Holly: So this is how liberty dies. With thunderous applause.The Circle is my first Dave Eggers novel, and honestly, I thought a book by the author of a novel entitled "A Heartbreaking Work of Staggering Genius" would blow me away with its profundities and deft prose. I was not blown away; the writing is simple and the characters one-dimensional, but the plot carried me along.
John: Wow, that's a great quote. Who said that? Thomas Paine?
Holly: Queen Padme in the third Star Wars movie. Right as the emperor was taking over.
John: I've got nothing.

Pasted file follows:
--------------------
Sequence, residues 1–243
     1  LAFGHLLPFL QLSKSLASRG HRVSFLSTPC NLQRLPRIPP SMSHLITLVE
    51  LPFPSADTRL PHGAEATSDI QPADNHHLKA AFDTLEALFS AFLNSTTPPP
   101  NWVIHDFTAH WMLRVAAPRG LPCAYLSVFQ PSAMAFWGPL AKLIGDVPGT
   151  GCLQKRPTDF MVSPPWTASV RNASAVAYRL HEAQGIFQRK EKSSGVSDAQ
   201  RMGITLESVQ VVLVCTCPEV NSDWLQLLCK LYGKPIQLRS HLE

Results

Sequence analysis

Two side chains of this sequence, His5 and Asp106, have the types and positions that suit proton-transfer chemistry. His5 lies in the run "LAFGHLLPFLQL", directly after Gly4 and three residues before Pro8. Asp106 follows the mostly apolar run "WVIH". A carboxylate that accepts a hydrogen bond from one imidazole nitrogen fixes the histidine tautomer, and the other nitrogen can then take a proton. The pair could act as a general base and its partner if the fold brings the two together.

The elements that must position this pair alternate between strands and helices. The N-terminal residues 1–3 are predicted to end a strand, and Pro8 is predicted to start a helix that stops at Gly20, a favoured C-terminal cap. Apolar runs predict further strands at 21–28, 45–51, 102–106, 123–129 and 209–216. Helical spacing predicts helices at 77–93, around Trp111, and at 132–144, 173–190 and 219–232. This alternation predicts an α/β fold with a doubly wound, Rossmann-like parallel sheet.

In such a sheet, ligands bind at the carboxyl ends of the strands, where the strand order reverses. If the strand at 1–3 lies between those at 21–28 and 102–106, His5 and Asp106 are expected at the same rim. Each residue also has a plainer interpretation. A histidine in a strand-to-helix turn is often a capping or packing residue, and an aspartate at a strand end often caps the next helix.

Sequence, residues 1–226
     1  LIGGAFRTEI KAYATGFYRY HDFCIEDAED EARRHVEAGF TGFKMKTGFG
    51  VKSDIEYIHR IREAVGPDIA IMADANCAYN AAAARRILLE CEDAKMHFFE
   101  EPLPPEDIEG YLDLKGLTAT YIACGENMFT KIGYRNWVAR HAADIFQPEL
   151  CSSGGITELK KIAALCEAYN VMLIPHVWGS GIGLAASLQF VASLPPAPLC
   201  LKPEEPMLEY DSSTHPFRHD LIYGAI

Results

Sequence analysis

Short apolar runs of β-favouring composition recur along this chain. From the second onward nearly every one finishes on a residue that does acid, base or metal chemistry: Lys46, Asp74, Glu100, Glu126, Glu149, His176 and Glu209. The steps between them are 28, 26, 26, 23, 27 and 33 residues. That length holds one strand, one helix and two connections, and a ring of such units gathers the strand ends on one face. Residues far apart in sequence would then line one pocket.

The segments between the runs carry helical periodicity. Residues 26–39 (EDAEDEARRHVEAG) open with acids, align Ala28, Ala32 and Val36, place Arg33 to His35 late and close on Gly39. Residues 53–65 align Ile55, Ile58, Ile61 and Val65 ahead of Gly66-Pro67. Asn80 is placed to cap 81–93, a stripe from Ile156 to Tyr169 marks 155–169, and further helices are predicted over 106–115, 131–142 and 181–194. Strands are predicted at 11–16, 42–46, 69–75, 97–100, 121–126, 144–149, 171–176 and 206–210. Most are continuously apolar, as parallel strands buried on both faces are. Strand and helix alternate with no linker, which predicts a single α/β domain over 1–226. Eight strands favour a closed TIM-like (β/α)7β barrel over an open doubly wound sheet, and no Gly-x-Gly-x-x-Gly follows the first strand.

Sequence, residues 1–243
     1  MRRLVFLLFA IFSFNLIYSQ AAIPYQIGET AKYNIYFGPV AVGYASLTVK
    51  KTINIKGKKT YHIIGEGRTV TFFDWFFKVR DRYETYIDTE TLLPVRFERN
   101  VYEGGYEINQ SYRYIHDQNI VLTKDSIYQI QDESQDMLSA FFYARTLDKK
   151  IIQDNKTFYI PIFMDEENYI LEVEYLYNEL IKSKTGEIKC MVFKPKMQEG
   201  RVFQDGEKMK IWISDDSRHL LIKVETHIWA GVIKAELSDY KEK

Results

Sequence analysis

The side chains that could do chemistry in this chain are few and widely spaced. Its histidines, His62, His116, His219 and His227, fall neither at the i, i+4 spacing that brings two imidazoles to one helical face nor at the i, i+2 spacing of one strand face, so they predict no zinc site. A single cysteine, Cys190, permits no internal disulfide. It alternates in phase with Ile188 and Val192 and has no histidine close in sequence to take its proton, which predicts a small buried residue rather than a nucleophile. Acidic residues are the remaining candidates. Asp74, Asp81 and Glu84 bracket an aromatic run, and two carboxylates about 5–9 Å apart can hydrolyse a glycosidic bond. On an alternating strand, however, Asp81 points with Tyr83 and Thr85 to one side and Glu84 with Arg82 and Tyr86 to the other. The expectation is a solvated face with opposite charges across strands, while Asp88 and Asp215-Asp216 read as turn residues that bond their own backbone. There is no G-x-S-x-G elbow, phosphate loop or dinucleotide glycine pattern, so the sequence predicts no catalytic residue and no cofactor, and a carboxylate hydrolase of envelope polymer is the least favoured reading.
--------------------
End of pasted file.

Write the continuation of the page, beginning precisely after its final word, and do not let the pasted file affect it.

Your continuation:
We journey into the more distant future. Everything goes to crap in Gary Shteyngart's Super Sad True Love Story. America is in a deep depression, losing a war with Venezuela, practically owned by China, and worst of all, Staten Island has become the hip place to be in New York City. Staten Island. Citizens of this cheerless America have become excessively shallow, materialistic, and obsessed with youth. They are also nearly illiterate. Books are no longer read, but scanned for pertinent information. (Lenny Abramov, our rather pathetic protagonist, is much maligned for having "smelly" books in his apartments.) Texting is the dominant form of communication: actual talking to one another is termed "verballing."